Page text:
Kathy Franco cased the strip mall off Cherry Hill Road twice before she decided to shop at the Babies "R" Us store there. She wanted to make sure there were no woods nearby where a sniper could hide.
She was already angry that a sniper has disrupted life in the Washington area. But when she learned Tuesday that he was specifically targeting children, her anger turned to rage.
"This isn't a person as far as I'm concerned," she said as she pushed 6-week-old daughter Katherine and 2-year-old son Liam in a shopping cart at the Silver Spring store. "Whoever or whatever this is, it's not a human being if he targets children. There's nothing that can justify that."
On Tuesday, Montgomery County Police Chief Charles Moose released a chilling passage from a note left by the killer at the scene of a shooting Saturday in Ashland, Va.
"Your children are not safe anywhere at any time," Moose read in slow, unemotional tones.
The announcement came as officials investigated the shooting death of a 35-year-old bus driver less than a mile from where the killing spree began Oct. 2. If this case is linked to the others, this would be the sniper's 10th killing.
After the first eight victims were adults, parents dared to believe the sniper would not target children. Then a 13-year-old boy was critically wounded outside a Bowie middle school Oct. 7.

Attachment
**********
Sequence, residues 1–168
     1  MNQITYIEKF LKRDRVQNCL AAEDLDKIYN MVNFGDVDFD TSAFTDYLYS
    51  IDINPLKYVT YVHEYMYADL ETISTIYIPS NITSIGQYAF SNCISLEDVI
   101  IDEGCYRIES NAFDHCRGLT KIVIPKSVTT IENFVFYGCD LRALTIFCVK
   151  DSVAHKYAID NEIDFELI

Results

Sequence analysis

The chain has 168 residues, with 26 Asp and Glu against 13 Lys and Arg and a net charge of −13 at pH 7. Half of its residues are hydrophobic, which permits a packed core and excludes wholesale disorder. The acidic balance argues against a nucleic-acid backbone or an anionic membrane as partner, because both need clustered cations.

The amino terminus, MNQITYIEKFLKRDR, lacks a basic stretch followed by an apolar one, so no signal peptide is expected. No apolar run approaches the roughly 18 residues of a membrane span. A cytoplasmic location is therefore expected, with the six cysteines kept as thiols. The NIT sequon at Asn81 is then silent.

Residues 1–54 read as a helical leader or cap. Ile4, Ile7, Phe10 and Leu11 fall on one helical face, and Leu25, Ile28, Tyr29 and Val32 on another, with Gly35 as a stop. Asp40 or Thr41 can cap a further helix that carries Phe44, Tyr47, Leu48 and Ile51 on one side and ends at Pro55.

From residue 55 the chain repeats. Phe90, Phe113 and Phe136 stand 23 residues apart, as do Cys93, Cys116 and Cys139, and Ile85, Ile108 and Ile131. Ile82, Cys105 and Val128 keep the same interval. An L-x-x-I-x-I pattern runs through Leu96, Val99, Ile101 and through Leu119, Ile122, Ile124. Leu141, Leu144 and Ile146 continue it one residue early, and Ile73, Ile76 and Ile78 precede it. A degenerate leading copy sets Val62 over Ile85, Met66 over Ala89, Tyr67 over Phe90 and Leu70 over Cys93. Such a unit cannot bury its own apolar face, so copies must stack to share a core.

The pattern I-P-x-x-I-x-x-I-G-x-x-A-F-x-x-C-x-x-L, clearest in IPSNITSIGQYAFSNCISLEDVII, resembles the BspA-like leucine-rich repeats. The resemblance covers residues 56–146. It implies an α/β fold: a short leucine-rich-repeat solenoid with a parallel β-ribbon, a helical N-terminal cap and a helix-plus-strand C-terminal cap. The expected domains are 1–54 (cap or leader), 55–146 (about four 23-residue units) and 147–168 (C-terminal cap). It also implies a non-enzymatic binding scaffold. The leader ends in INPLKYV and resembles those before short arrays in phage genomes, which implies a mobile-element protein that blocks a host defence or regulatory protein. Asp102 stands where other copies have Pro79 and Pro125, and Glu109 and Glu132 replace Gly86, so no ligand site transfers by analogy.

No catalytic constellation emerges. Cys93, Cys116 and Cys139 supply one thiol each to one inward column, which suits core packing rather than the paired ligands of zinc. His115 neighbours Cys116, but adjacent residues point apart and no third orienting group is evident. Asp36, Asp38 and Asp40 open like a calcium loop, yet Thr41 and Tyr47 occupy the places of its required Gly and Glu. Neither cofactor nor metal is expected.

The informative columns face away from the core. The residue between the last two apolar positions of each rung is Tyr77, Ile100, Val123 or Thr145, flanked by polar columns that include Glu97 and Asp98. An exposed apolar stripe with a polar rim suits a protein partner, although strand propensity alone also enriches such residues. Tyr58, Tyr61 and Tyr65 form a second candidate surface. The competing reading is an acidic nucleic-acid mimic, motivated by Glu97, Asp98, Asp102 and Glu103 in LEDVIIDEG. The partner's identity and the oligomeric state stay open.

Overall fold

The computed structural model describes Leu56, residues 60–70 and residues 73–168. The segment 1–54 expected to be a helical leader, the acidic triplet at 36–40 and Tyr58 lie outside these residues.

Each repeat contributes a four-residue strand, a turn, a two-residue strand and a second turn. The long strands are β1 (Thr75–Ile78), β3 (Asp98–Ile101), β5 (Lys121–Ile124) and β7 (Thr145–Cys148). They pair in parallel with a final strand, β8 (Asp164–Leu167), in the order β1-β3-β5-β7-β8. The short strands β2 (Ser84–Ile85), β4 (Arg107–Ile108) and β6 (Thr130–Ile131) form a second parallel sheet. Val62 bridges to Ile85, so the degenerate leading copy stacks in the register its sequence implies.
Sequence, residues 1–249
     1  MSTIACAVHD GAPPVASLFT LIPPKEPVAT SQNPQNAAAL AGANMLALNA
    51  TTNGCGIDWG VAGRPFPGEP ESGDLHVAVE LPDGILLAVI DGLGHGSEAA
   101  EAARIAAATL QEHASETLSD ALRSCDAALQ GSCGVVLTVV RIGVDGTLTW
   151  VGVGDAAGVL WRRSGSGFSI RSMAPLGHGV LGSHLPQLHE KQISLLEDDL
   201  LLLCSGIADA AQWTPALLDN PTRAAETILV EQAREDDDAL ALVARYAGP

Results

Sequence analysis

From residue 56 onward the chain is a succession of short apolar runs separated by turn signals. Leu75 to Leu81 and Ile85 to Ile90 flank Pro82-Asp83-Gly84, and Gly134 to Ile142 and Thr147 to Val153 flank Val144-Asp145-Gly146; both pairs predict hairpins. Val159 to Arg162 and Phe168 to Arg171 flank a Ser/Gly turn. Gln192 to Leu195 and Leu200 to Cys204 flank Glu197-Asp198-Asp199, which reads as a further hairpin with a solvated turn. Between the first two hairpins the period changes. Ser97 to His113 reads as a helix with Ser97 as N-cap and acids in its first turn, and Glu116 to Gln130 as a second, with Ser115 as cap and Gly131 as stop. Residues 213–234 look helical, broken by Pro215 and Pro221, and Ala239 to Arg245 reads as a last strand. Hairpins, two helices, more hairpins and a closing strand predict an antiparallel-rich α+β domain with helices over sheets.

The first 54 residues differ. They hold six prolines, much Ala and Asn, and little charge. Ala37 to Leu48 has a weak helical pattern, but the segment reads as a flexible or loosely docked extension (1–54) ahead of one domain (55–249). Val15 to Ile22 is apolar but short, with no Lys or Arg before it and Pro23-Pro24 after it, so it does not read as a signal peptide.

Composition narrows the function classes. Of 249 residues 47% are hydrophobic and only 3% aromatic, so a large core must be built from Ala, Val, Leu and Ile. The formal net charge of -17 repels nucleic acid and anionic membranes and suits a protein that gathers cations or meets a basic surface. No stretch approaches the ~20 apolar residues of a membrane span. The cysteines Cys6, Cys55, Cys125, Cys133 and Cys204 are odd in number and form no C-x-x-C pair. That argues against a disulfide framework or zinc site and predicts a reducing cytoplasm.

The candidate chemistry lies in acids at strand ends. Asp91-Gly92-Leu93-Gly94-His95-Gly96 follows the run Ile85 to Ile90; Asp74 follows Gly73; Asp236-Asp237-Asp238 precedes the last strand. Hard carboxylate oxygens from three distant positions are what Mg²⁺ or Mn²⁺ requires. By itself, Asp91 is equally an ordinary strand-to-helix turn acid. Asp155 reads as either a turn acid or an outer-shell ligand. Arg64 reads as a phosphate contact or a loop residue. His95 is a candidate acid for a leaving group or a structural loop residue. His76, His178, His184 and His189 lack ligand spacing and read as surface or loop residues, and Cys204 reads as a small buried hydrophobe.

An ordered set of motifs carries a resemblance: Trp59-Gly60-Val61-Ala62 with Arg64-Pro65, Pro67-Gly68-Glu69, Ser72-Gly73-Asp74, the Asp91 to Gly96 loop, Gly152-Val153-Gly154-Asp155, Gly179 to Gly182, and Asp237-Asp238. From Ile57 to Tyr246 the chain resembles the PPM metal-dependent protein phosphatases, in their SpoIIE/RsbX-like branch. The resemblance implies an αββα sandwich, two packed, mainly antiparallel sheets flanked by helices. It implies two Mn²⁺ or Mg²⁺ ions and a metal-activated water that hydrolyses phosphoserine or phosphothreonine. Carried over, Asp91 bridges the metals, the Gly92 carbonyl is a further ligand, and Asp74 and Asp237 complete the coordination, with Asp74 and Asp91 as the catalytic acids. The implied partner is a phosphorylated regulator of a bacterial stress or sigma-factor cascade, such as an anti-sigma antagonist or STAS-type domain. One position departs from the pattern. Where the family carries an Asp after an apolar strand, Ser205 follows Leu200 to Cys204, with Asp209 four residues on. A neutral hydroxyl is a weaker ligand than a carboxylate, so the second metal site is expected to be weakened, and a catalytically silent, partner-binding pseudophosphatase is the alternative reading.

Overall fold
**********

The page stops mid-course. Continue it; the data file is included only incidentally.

Moose's announcement explained to Janet Stinebaugh why Richmond, Va., area schools closed for two days.
"When the schools closed, I questioned the real motive. My first reaction was, what do they know that we don't know?" said Stinebaugh, who has daughters ages 10, 13 and 16 in Chesterfield County public schools, about 13 miles outside Richmond.
Her children will be going to school Wednesday. She said she has to trust that administrators made the right decision, but understands parents who want to keep their kids home.
"It may be that I go to the bus stop with them," she said. "I know that the mother who drives the one in high school takes them right to the door, so that makes me feel a little better. I just refuse to be fearful."
Back in Silver Spring, Ronald Briggs was thinking of taking his 2-year-old son Jalen shopping Tuesday for a Halloween costume. The curly haired boy loves the cartoon character, Rolie Polie Olie.
But after Tuesday's revelation, it could all be moot.
"With that, if they don't catch him by Halloween, I won't be taking him out anywhere, except day care and home," the investment analyst said as he held the boy's hand outside a Target store. "I'm sure they'll say that on the news and the police will say that anyway."
Franco, 33, who is on maternity leave, has had to abandon her favorite McDonald's Play Place because it's too close to Interstate 95. It's just as well: The door to the jungle gym is locked, closed because of the sniper.
Since the shootings began, the Washington property manager has started doing her grocery shopping at a nearby military base. Recently, she saw a woman in the parking lot telling her kids to line up "like little ducks."
She now tries to do the same with Liam and Katherine — so she will take a bullet instead of them.
"As a parent, we protect our children like a lioness," she said, her soft red hair seeming to burst into flame. "So whatever I have to do to protect them, I will.
"I look at them as a blessing even more now."